- Topics At a Glance
- Different Types of Numbers
- Natural Numbers
- Whole Numbers
- Integers and Negative Numbers
- Integers and Absolute Value
- Rational Numbers
- Irrational Numbers
- Real Numbers and Imaginary Numbers
- Different Ways to Represent Numbers
- Fractions
- Equivalent Fractions
- Mixed Numbers
- Reducing Fractions
**Comparing Fractions****Least Common Denominator**- Addition and Subtraction of Fractions
- Multiplication of Fractions
- Equivalent Fractions and Multiplication by 1
- Multiplication by Clever Form of 1
- Multiplicative Inverses
- Division of Fractions
- Multiplication and Division with Mixed Numbers
- Decimals
- Converting Fractions into Decimals
- Converting Decimals into Fractions
- Comparing Decimals
- Adding and Subtracting Decimals
- Multiplication and Division by Powers of 10
- Multiplying Decimals
- Dividing Decimals
- Infinite Decimals
- Percents
- Portion of the Whole
- Things to Do with Real Numbers
- Addition and Subtraction of Real Numbers
- Properties of Addition
- Subtraction
- Multiplication
- Division
- Long Division Remainder
- Exponents and Powers - Whole Numbers
- Properties of Exponents
- Prime Factorization
- Order of Operations
- Even and Odd Numbers
- Infinity
- Sequences
- is Irrational
- Counting Rational Numbers
- Counting Real Numbers?
- Counting Irrational Numbers
- In the Real World
- Decimals in Use
- How to Solve a Math Problem
- I Like Abstract Things: Summary

This process of cutting numbers down to size in order to get the pieces we want is referred to as finding the " **lowest (**or ** least) common denominator (LCD).**" Yes, the "L" can stand for either "lowest" or "least," which mean the same thing. It could also stand for "littlest," we suppose, but that doesn't sound very professional.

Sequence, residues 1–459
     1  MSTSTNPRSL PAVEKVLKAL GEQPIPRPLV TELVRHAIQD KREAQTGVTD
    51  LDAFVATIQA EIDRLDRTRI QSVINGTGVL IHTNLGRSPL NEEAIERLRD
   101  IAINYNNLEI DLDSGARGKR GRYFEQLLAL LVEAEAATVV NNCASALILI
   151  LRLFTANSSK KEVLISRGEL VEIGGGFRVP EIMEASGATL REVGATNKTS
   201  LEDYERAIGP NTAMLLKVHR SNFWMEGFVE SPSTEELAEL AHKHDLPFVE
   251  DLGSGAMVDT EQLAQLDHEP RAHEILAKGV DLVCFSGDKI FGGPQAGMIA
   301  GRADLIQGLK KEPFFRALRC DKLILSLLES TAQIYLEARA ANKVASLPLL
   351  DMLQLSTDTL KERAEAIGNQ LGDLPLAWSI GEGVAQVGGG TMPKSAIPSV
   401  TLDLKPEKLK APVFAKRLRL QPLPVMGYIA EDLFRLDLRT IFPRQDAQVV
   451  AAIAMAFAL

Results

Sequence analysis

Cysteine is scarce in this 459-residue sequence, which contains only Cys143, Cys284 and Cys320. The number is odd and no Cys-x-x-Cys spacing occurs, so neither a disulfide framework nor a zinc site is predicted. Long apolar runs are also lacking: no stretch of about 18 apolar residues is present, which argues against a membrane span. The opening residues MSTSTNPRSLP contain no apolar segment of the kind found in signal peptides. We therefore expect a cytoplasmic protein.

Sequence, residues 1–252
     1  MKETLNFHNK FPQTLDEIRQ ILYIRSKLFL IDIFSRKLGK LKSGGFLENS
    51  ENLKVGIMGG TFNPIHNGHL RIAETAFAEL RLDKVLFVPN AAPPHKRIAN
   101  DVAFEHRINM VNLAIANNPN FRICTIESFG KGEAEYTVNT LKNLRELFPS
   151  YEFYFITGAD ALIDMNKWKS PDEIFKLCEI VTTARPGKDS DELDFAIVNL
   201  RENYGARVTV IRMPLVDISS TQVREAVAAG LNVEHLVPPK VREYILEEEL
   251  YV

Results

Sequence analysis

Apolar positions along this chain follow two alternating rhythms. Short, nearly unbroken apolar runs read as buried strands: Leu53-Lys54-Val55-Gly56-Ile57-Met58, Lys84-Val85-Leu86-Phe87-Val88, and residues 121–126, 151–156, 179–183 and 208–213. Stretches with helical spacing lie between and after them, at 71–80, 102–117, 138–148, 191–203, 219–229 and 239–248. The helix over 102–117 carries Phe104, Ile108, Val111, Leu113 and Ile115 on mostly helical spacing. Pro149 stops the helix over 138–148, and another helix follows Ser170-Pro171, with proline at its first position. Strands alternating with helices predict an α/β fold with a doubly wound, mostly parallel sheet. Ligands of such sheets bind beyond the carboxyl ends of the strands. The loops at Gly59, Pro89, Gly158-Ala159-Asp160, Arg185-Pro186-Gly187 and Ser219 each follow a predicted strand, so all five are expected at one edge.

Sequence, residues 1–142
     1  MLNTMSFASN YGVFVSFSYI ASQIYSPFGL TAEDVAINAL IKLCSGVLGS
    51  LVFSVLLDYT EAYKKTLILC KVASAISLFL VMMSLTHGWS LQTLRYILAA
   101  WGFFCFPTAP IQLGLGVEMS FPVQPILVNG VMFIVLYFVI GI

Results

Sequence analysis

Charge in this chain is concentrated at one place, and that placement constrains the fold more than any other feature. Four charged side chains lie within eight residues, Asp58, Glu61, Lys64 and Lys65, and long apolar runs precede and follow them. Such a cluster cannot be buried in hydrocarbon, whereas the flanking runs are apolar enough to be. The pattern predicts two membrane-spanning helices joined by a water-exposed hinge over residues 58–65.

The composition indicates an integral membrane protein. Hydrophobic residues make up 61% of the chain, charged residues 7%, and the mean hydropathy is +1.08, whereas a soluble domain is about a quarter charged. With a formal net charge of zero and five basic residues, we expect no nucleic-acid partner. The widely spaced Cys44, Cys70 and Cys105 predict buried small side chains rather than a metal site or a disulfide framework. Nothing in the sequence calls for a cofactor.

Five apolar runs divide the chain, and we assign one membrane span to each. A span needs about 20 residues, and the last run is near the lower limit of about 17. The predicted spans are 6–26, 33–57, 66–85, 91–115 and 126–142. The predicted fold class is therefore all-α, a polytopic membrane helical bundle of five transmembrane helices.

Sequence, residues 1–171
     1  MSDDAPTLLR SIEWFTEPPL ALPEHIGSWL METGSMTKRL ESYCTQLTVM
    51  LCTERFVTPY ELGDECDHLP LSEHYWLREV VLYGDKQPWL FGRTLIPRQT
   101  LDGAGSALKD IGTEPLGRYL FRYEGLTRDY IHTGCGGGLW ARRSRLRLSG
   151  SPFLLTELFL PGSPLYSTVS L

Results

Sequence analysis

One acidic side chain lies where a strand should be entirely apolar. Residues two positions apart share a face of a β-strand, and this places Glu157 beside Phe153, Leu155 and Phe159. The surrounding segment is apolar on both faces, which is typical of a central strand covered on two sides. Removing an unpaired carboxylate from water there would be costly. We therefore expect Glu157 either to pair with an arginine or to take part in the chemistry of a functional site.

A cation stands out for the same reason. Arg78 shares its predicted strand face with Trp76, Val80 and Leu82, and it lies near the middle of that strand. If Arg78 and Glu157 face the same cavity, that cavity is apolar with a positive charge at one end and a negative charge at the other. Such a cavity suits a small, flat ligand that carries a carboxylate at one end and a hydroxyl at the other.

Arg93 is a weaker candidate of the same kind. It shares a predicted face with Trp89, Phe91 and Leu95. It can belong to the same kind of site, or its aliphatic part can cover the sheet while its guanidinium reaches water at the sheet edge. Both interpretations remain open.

The LCD is the number of pieces you have to reduce to so that you can easily compare your fractions.

When comparing them, the LCD is the smallest number that's a multiple of both denominators. Another way to say this is that the LCD is the smallest number *divisible by *both denominators. Another way to say this is... oh, you know what, you already have enough ways to say it.

To find the LCD quickly (because you never know when you'll only have 10 seconds to find one so that you can defuse a bomb in time), we use prime factorizations again.

Notice that, to find the LCD, it doesn't matter what the numerators of the fractions are. Usually, after finding the LCD, we replace both fractions with the equivalent versions whose denominator is the LCD. Having common denominators trumps having reduced fractions. If your teacher complains, you tell her we said so.

Example 1

What is the LCD of and ? |

Example 2

What is the LCD of and ? |

Example 3

What is the LCD of and ? |

Example 4

Find the LCD of and . |

Example 5

Find the LCD of and . |

Example 6

Find the LCD of and . |

Example 7

Rewrite and as fractions whose denominator is the LCD of and . |

Exercise 1

Find the LCD of each of the two fractions.

and

Exercise 2

Find the LCD of each of the two fractions.

and

Exercise 3

Find the LCD of each of the two fractions.

and

Exercise 4

Find the LCD of the two fractions.

,

Exercise 5

Find the LCD of the two fractions.

,

Exercise 6

Find the LCD of the two fractions.

, 1

Exercise 7

Find the LCD of the two fractions.

,

Exercise 8

Find the LCD of the two fractions.

,

Exercise 9

For each pair of fractions, (a) find the LCD and (b) rewrite each fraction so that its denominator is the LCD you found in (a).

,

Exercise 10

For each pair of fractions, (a) find the LCD and (b) rewrite each fraction so that its denominator is the LCD you found in (a).

,

Exercise 11

For each pair of fractions, (a) find the LCD and (b) rewrite each fraction so that its denominator is the LCD you found in (a).

,